On Friday, Donald Trump called players who kneel during the national anthem “sons of bitches” at a rally in Huntsville, Ala. Immediately, players, coaches and team owners hit back at Trump. Trump, in his war against athletes, also specifically called out Golden State Warriors star Steph Curry.
The Golden State Warriors, including Steph Curry, all said they would not attend the White House’s recognition of their championship. However, Trump exclusively tweeted about Curry, saying, “Going to the White House is considered a great honor for a championship team. Stephen Curry is hesitating; therefore, invitation is withdrawn!” Many noted Curry had already declined the invitation, and therefore, he could not withdraw the invitation. Cleveland Cavilers star LeBron James quickly replied to Trump, saying, “U bum @StephenCurry30 already said he ain’t going! So therefore, ain’t no invite. Going to White House was a great honor until you showed up!” James’ tweet has already become one of the most liked and retweeted of all time.
The NFL replied to Trump’s comments about athletes in a memo, saying, “The NFL and our players are at our best when we help create a sense of unity in our country and our culture. Divisive comments like these demonstrate an unfortunate lack of respect for the NFL, our great game and all of our players, and a failure to fully understand the overwhelming force for good our clubs and players represent in our communities.” Trump replied, saying, “Roger Goodell of NFL just put out a statement trying to justify the total disrespect certain players show to our country. Tell them to stand!”
Patriot’s owner Robert Kraft sent out a statement on Trump’s comments, saying, “I am proud to be associated with so many players who make such tremendous contributions in positively impacting our communities. I think our political leaders could learn a lot from the lessons of teamwork and the importance of working together toward a common goal,” Kraft said. “Our players are intelligent, thoughtful, and care deeply about our community and I support their right to peacefully affect social change and raise awareness in a manner that they feel is most impactful.”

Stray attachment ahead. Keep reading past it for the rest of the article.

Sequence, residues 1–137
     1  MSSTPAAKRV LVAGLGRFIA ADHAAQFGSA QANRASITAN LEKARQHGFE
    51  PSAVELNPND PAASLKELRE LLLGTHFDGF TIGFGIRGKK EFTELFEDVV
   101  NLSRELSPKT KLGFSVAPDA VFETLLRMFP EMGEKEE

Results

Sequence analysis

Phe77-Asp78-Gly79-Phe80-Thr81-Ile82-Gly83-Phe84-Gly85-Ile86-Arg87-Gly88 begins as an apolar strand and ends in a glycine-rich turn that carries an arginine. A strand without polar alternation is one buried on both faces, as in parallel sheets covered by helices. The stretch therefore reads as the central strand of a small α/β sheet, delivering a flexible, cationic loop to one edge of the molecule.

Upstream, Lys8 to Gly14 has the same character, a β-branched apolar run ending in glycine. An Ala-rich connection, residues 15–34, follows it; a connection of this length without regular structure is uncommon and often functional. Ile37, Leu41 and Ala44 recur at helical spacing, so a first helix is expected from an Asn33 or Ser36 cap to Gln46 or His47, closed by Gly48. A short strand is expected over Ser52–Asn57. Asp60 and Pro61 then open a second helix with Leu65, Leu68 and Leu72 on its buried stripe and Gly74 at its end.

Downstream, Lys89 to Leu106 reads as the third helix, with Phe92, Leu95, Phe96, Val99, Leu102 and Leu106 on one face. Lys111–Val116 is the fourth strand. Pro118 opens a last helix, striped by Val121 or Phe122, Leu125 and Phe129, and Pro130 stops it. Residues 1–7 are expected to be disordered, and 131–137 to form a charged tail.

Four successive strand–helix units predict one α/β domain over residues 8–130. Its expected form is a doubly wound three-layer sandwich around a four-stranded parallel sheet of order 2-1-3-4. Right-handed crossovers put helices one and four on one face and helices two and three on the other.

Saturday night, America saw the first Major League Baseball player, Catcher Bruce Maxwell of the Oakland Athletics, take a knee during the national anthem. As suspected, Sunday’s slate of games saw not only many players kneeling, but most teams protesting the national anthem. Most teams stood arm in arm during the anthem, including the Jacksonville Jaguars in the early morning game in London, along with owner Shahid Kahn. Kahn is himself a Pakistani immigrant, a group persecuted by Trump and his supporters. The Pittsburgh Steelers stayed in the locker room during the national anthem to protest. The game between the Seattle Seahawks and the Tennessee Titans saw both teams stay in the locker room during the anthem.
In primetime, on Sunday Night Football, just miles away from the White House in Landover, Md., players from the Washington Redskins were linked arm in arm, while players from the Oakland Raiders sat on the bench. The protests were that much more powerful with their proximity to the White House.
In an early morning tirade, Trump said, “If NFL fans refuse to go to games until players stop disrespecting our Flag & Country, you will see change take place fast. Fire or suspend! …NFL attendance and ratings are WAY DOWN. Boring games yes, but many stay away because they love our country. League should back U.S.”
Of course, Trump’s comments about NFL ratings are untrue. In fact, Sunday marked a presidential milestone: in the first 8 months of his Presidency, Trump has a 39% approval rating, much more important ratings than the NFL’s.
Trump’s disparaging comments on athletes have only unified and joined players and teams against him. However, as we have seen with most non-sensical statements by Trump, this probably serves as a distraction from the important issues, such as North Korea, Betsy DeVos ending Title XI protections for rape victims and Trump’s embarrassing comments, such as naming a made-up African nation at the UN. Perhaps the more important story surrounding Trump’s comments is how he criticized black athletes compared to his responses to Nazis, who he called “great people” and Nazi protesters “the other side” after Charlottesville.
The protests have stirred up opinions, but mostly brought attention to social issues, as Kaepernick set out to do in the first place.